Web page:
Ah, life in our charming little settlement -- what’s not to love about being here in southern Vermont?

As we soak up the dog days of summer in our lush verdant valley, it’s easy to get dreamy while feasting on ripe and delicious crops, encircled by wide-open blue skies, and graced with warm temps and cool flowing waters. Yes indeed, to whoever is responsible for the splendor and bounty of this place, thank you.

After years of living in urban centers such as Springfield, Mass. (my birthplace), Syracuse, N.Y., and Madrid, Spain, while also investing good amounts of time in New York City, San Francisco and Miami, I must confess that small is indeed beautiful! What we may lack in volume and scale of place, we easily make up in quality.

Fortunately, I’ve lived, worked and played in a number of quaint places, each boasting of a unique attribute that sets it apart from other localities. Ithaca, N.Y., is "Gorgeous" and "10 Square Miles Surrounded by Reality," Cazadero, Calif., is a "Magical Place" of the "Utmost Beauty" and Dillon, Colo., is billed as a four-season "World-class Recreational Playground." All of them lived up to their bold proclamations.

Which brings me back to here. While nesting in a teeny village at the heart of the Mayan civilization in Belize, my partner and I decided to WWOOF (World Wide Opportunities on Organic Farms) on an organic farm in Halifax, a stone’s throw from "The One and Only" Brattleboro.


Advertisement

After setting up camp in the woods, ready to grow our own food, capture rainwater and live lightly on the land, it didn’t take long for the allure of this area to work its charm.

Rather than moving on after the harvest like many, we dropped anchor and established ourselves in the community. Over the past two years, Jessica and I have had the pleasure of serving this wonderful borough as the proprietors of Equilibrium, a creative arts/healing arts center on Elm Street, as well as the co-owners of Superfresh!Organic Café! on Main Street. We’ve further engaged ourselves by joining a few local NGO Boards, while I currently sit on both the Town Arts Committee and Skate Park Site Selection Committee.

I’m also BaBB’s new Downtown Coordinator and we’ve just purchased a historic home on Elliot Street -- whew!

To assert that we’ve experienced a radical and rapid transition recently is a tad understated. To many, the rate of speed and degree of intensity in which we shifted our plans, altered our lifestyles, and plunged into our new environment is a recipe for chaos. Unlike the nearly boiling frog hastily leaping into a frying pan to save itself from the rapidly warming waters, however, we had a gut feeling, a strong vision and a plan.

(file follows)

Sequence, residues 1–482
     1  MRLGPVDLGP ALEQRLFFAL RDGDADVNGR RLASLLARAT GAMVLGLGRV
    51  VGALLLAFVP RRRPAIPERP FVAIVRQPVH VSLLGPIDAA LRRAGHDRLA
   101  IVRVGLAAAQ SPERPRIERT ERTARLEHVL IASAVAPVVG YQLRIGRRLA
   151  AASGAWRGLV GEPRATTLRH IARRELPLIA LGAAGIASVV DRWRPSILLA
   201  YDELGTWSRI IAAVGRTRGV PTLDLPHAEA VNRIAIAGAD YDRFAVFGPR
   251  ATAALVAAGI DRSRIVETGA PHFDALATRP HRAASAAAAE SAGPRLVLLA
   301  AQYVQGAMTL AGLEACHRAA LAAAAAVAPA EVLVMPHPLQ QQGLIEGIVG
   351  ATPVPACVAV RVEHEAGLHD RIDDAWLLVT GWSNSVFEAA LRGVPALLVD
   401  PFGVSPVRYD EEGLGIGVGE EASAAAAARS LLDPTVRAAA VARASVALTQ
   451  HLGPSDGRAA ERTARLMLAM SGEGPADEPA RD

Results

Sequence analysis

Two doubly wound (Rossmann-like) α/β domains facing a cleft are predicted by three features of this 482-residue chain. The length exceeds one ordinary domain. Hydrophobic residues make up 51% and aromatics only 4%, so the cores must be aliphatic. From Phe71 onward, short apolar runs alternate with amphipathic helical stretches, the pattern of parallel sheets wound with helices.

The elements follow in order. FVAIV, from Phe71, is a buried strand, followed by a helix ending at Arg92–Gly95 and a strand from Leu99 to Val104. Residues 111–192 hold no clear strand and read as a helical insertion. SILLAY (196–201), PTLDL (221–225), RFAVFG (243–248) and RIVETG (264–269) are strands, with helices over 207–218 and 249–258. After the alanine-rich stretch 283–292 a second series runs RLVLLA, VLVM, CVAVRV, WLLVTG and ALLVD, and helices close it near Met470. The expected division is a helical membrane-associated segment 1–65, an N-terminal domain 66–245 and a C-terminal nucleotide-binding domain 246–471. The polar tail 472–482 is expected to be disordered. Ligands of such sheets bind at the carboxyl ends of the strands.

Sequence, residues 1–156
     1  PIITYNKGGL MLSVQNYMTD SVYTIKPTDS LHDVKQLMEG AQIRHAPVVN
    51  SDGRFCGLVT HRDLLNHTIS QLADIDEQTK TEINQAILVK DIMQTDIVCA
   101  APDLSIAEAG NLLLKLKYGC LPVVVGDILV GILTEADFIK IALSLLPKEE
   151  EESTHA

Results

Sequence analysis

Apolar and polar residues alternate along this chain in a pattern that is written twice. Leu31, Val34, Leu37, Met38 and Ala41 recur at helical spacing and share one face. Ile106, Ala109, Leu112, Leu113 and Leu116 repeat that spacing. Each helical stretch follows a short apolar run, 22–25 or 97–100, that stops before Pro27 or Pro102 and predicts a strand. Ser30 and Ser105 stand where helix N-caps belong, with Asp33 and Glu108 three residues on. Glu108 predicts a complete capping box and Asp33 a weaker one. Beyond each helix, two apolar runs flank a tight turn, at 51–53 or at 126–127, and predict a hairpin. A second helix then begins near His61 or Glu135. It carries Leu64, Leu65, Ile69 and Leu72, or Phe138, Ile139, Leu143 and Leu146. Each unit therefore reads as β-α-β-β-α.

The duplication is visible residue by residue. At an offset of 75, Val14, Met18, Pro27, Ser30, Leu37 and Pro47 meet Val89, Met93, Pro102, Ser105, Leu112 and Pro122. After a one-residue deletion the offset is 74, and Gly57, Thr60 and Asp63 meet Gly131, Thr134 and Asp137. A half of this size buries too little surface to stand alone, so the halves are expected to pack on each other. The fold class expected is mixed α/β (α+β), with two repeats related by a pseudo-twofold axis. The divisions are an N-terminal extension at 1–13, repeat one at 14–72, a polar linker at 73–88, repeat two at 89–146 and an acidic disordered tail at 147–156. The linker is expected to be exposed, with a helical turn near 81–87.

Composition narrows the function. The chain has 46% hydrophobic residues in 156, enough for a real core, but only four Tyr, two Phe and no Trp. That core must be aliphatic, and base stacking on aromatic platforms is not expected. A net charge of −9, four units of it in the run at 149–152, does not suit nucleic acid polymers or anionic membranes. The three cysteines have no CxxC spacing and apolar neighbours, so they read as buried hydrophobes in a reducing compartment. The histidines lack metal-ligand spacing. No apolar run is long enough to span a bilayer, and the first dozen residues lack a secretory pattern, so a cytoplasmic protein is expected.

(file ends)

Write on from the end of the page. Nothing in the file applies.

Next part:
Which brings me to the crux of my script: Intentional evolution. Although I’ve enjoyed the exhilaration of big city living, I now long for a small, vibrant and sustainable place, a supportive, creative and civil "society" and conditions that encourage entrepreneurial activity. Thus, as my inner personality and interests have shifted, and the circumstances around me have transformed over time, I strongly believe that my willingness and ability to adapt with some velocity is what has kept me upbeat, healthy and happy.

Brattleboro, just like the aforementioned communities, is a progressive artsy town enveloped in natural beauty. Whereas they all enjoy an illustrious reputation, the realities of a down-turned economy and uncertain future has them proactively evolving to stay afloat. In order to flourish, each of these small towns is making strides to re-develop at all levels, integrating economic, social and environmental efforts.

Ithaca has Cornell University and Finger Lake Wine Country to lean on as it rebuilds and enhances its famous "Commons" pedestrian mall and plans for more compact housing density downtown. Cazedero, a self-described "Green Town," features towering redwoods and stunning Pacific Coast views while going "all in" as an arts destination that also features innovative farm programs from its Napa Valley roots. And Dillon, in the midst of the mighty Rockies, is working with area resorts to become an eco-tourism hotspot.

Brattleboro, too, must stay nimble and engaged as it manages its next transition. What’s the vision? Where are we going? What are our top priorities? The indigenous people of this land, the Sokoki Tribe, were named as such for doing things "our own way." Fittingly, the "One and Only" Brattleboro has an opportunity to be unique in how it addresses the intentional evolution of this fine town. We already have the natural beauty, abundant food production, clean water, creative citizenry, and proximity to major population centers going for us. So, what’s the next step -- how do we get from here to there?

First, we must articulate a clear vision of what the future Brattleboro looks like, and how it functions. Subsequently, we ought to outline a set of objectives that help us construct a coherent plan for sustainable development which incorporates and builds upon various worldwide evaluations -- including climate change, water, energy, and ecosystems. Ultimately, we can begin to work together toward a shared future that not only enhances our overall quality of life now, but also lays the foundation for future generations.

To this end, as your Downtown Coordinator, I have initiated a number of visioning exercises over the past few months that have produced a multitude of great ideas for our exceptional community. I look forward to sharing much of my findings in the next column and getting to work with you to make change happen.

Jacob Alan Roberts is the Downtown Coordinator for Building a Better Brattleboro. He is also a slow foodie, an artist and environmental activist.